When Cloquet school officials realized staff were unable to access certain files the morning of Aug. 3, there may have been a certain amount of negative "been there, done that" feeling involved.
For the second time in three years, the school district is the target of a ransomware attack — a particularly virulent computer malware that spreads from computer to computer, locking up access to network servers and turning documents into gibberish before offering "help" in the form of a request for payment to provide a "key" to unlock the files.
Last time, in March 2016, the district had to cancel school for a day to allow technology staff time to recover from the malware, which infected some of the district's servers and many of its more than 600 computers.
This time, it happened over summer vacation, and the attack was not as devastating. According to the staff report from Cloquet School District Technology Director T.J. Smith, the virus encrypted files on all servers except one, including network shared drives. However, there is no indication that any information was "stolen," just that it had been encrypted, so users were unable to open the files.
Smith explained to Cloquet School Board members Monday, Aug. 13, that the district had two options, not including paying the ransom demand: either try to recover the data, which may not be successful and could be a waste of time and money, or figure out how to recreate the data and rebuild the affected servers.
He advocated the second option, noting that the lost data was not "mission critical" and that insurance will pay to return the servers to their previous state.
Board members voted unanimously for the second option of re-creating information and rebuilding the servers; they also voted to hire a company to do a "forensic" investigation to try and determine how the virus got in.
The total cost to the school district for insurance deductibles, estimated at $15,000, will be covered by money already in the technology budget.
Superintendent Michael Cary said the district determined that paying a ransom "is not in the best interest of our schools and the community we serve."
Board Chairman Ted Lammi said he believes such payments to hackers should be illegal.
"Some institutions have paid big bucks and that's why these guys do it," Lammi said.
Board member Duane Buytaert, who works in technology for Carlton County, said it can also be a matter of making sure users know how to detect such attacks.
"We all get those wacky emails," he said.
Staff training should be a priority, board members agreed.
On the positive side, Smith said technology staff were able to recover quite a bit of data already, and staff can recreate the data that was lost.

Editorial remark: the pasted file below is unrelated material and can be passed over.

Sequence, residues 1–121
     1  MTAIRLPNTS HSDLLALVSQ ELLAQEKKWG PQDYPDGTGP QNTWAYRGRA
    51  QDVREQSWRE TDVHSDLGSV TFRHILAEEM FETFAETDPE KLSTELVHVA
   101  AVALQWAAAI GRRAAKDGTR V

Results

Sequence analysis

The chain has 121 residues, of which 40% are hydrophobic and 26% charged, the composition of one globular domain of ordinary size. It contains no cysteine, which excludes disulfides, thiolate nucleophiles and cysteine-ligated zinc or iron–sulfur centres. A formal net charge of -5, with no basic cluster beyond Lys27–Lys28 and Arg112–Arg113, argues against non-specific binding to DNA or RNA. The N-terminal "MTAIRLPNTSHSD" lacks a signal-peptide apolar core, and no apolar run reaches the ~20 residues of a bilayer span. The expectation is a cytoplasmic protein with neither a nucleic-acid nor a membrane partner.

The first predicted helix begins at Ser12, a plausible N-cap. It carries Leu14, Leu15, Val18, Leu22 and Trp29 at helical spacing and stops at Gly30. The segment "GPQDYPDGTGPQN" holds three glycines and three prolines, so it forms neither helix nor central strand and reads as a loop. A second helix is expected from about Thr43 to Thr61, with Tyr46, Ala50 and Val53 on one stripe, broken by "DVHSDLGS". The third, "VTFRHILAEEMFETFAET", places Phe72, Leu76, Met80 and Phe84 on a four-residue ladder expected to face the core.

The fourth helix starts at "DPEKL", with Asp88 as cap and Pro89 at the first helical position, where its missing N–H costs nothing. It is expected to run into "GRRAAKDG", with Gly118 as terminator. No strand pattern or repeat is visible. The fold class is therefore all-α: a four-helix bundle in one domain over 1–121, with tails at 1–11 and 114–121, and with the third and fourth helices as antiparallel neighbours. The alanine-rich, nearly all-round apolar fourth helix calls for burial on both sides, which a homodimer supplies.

The recovery process should not affect the start of school Sept. 5.
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Coach Nowak memorialized with podium donation
Former assistant Cloquet ski coach Brian Johnson presented a handmade podium to Cloquet High School during the School Board meeting Monday, Aug. 13.
Flanked by former ski jumpers and skiers Rick and Denny Nelson and Brent Smith, along with recently retired Nordic coach Glen Sorenson, Johnson donated the podium in memory of legendary Cloquet ski jumping coach Joe Nowak, who passed away two years ago.
By the end of his coaching career here, Nowak and his fellow coaches had taken the Cloquet High School boys ski teams to 14 state championships — 13 of those in a 15-year period.
He was also responsible for persuading the Northwest Paper Co. in 1961 to donate the 40 acres of land that now houses Pine Valley park, with its ski jumps and recreational trails, as well as the two hockey shelters next-door.
Johnson was assistant coach to Nowak 50 years ago during part of that championship run. In addition to the Lumberjacks logo on the front of the podium, he also attached a Cloquet Ski Club medal to the side, next to the plaque remembering Nowak.
Afterward, Joe's oldest brother, Gerald "Gerry" Nowak, told how Joe had made his final "jump."
"A few hours before his heart stopped, I was sitting next to his bed and holding his hand, and I told him he was a great jumper, with his longest jump at 300 feet," Gerry told the Pine Journal. "I told him: 'Don't be afraid to go, you're about to make the great leap into heaven.' He was unconscious, but he squeezed my hand.
"Then I told him: 'Joe, you made a perfect landing,' and his hand went limp. He skied off into heaven."
Glen Sorenson, who taught with Johnson in Proctor and coached the Lumberjacks Nordic ski team for the past five years, had high praise for the ski program in Cloquet, from the kids program on the weekends through the high school teams.
"You should be appreciative of what you've got there," he said. "The parental support and the community, it's really a special and unique deal in this entire state. This is the state of skiing, it's not just the state of hockey. I think it's really cool that you're honoring Joe."